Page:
Save the Willingale Treasure!

Epping Forest District Museum (EFDM) is launching an appeal to save a medieval gold ring found in the parish of Willingale before the item goes on sale on the open market. It is the first medieval gem set ring to be found in the district, and the first known finger-ring to be discovered in the parish of Willingale. The decoration is of an extremely high standard and, to the best of our knowledge, unique. In total £11,500 is needed to save the ring and buy a display case for the community ensuring it is on free public display for generations to come. The campaign has already received support from the ACE/V&A Purchase Grant Fund and SHARE Museums East and EFDM has committed funding from its reserves leaving £3000 to be raised. If the target’s reached the ring will go on public display in the museum’s newly renovated core gallery saving it for current and future residents to enjoy. If the funding is not raised, the ring may be sold on the open market and possibly leave the UK permanently.
Why it’s a great idea:
Recently unearthed by a metal detectorist the ring is thought to date from c.1200-1399 and would have been worn by a wealthy medieval nobleman. It is a fine and very well preserved example of a medieval sapphire set finger ring; the maker is unknown however the craftsmanship demonstrates great skill and technical ability. It is the first ring of its type to be found within the district, the decoration is of extremely high standard and, to the best of our knowledge, unique. We are the only museum in the district that covers archaeology and social history and we also act as the archaeological depository for the area. Our remit is to tell the human history of the Epping Forest District. If successful in securing the ring we would not only ensure its long term preservation but also make it widely available to the public through free exhibitions, inclusion in our school education programme, public talks as well as the ring being made available for loan and research.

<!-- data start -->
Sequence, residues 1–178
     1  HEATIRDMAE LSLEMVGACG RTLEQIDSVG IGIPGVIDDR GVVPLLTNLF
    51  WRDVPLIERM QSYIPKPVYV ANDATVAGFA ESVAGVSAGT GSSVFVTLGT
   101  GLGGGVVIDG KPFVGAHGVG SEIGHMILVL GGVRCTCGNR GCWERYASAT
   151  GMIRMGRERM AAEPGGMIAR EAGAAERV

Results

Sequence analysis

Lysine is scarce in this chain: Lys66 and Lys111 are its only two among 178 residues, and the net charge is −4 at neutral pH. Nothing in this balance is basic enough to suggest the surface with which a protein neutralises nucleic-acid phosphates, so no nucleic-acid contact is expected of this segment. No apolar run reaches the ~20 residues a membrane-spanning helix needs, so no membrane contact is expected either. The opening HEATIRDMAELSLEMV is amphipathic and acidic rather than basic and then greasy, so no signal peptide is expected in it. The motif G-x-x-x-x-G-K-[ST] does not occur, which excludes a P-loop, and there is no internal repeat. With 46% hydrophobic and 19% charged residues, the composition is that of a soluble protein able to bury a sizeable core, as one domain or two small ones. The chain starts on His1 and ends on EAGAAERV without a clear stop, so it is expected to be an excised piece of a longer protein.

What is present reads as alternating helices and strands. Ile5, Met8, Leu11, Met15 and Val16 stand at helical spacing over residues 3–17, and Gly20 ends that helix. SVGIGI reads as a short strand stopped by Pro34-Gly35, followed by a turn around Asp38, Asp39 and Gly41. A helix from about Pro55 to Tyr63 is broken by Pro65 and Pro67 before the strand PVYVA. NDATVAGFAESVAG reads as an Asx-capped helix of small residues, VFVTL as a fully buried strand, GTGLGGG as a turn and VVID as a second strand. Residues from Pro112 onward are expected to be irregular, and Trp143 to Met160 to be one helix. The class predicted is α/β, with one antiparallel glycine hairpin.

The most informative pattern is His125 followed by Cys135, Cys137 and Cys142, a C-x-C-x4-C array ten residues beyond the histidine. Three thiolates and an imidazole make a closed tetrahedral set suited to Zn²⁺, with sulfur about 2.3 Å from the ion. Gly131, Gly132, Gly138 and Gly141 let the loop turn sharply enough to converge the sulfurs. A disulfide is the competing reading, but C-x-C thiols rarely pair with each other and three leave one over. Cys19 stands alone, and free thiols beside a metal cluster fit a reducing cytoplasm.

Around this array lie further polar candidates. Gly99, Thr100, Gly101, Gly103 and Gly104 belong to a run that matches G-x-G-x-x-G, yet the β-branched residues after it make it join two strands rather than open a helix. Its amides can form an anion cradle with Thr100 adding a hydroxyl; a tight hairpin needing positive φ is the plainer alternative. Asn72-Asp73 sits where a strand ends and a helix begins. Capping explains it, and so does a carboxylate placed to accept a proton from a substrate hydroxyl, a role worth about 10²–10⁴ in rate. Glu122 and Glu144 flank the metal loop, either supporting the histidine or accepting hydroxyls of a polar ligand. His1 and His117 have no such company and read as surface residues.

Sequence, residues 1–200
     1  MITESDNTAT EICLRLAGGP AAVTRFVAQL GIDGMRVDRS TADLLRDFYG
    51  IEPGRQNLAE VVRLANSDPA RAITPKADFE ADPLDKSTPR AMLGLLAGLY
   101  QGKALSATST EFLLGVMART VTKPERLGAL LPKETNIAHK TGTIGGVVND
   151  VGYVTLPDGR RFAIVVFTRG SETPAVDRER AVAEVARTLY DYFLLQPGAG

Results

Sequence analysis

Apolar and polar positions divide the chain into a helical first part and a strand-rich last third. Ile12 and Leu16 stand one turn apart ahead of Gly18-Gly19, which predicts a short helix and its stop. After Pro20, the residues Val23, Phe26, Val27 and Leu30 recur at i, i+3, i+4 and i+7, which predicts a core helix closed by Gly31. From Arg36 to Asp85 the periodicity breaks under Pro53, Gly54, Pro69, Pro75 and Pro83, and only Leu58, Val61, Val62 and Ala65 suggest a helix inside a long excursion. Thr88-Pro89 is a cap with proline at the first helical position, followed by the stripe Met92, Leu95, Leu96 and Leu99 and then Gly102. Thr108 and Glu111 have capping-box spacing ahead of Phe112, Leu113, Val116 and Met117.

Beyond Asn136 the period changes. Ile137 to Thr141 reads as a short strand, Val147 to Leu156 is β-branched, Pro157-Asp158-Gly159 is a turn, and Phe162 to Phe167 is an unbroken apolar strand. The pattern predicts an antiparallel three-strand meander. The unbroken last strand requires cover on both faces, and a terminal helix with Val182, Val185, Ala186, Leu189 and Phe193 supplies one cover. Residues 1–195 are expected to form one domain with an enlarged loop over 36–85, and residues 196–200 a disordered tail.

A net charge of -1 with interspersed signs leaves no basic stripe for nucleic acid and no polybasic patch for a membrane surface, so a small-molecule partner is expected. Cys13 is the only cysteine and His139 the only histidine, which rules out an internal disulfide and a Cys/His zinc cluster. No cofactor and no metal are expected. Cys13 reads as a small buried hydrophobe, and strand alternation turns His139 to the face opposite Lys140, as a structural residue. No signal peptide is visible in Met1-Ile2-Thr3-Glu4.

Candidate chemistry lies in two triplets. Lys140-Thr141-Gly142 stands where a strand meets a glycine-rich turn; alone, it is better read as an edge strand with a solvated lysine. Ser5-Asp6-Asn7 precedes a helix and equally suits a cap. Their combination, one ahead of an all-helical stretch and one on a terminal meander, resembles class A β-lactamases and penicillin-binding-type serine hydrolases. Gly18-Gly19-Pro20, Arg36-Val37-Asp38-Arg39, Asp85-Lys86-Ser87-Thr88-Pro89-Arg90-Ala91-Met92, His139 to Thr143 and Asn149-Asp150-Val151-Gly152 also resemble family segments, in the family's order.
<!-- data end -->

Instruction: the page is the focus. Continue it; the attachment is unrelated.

If you would like to know more about our campaign please get in touch with the team at the museum on or 01992 716882.

If you would like to make a donation towards our campaign either visit the Museum or donate online at

Thank you.

Collections in Focus: Medieval Gold Finger-ring from Abridge, Essex

Collections in Focus is a new series of blog posts where we will be sharing a selection of special items from our collection and giving you a bit more information about them too. The first focuses on a Medieval ring in the collection with engravings which have a link to the Easter story.

Medieval Gold Finger-ring from Abridge, Essex

By Jill Holmen, Collections Manager

We have several religious pieces in our medieval collection, including a number of finger—rings. This particular example is possibly the finest and most visually powerful of them.

It dates to around 1475-1525. It is cast from gold and the hoop comprises five circular bezels separated by oval beads with scale decoration. Each bezel is engraved and may have originally been enamelled.

The ten beads and bezels identify this as a ‘decade ring’, which would have been used in the same way as a rosary for personal prayer. The engraved symbols show the ‘Instruments of the Passion’, which were popular in medieval art, symbolising Christ’s suffering at the time of his execution. At around the time this ring was made, they feature in devotional books accompanying specific meditations on the events associated with each, adding an extra level of contemplation.

The following lists the symbols as I interpret them and outlines the element of the Easter story each represents (click on the images to see the full description):

The images on this ring might seem gruesome to our 21st century eyes, but relics had been venerated since the 4th Century, and a new wave brought back from the Crusades led to an increase in their use during this period. Many religious institutions owned Holy Relics, as did some pious individuals. Illustrations may well have served a similar purpose for those who were unable to acquire the ‘real thing’ and some scholars suggest that contemplation of the Passion was believed equivalent to a level of repentance.

Although we can never know who wore this ring, the precious metal and high-quality work imply that they were probably wealthy and of high social rank.

The finger-ring was found by a metal-detectorist, searching with the landowner’s permission, in Abridge in 2004 and was reported under the Treasure Act (1996). We purchased it with help from the Art Fund, the V&A/MLA Purchase Grant Fund and the Headley Museums Treasure Acquisition Scheme.

More information on the Treasure Act can be found on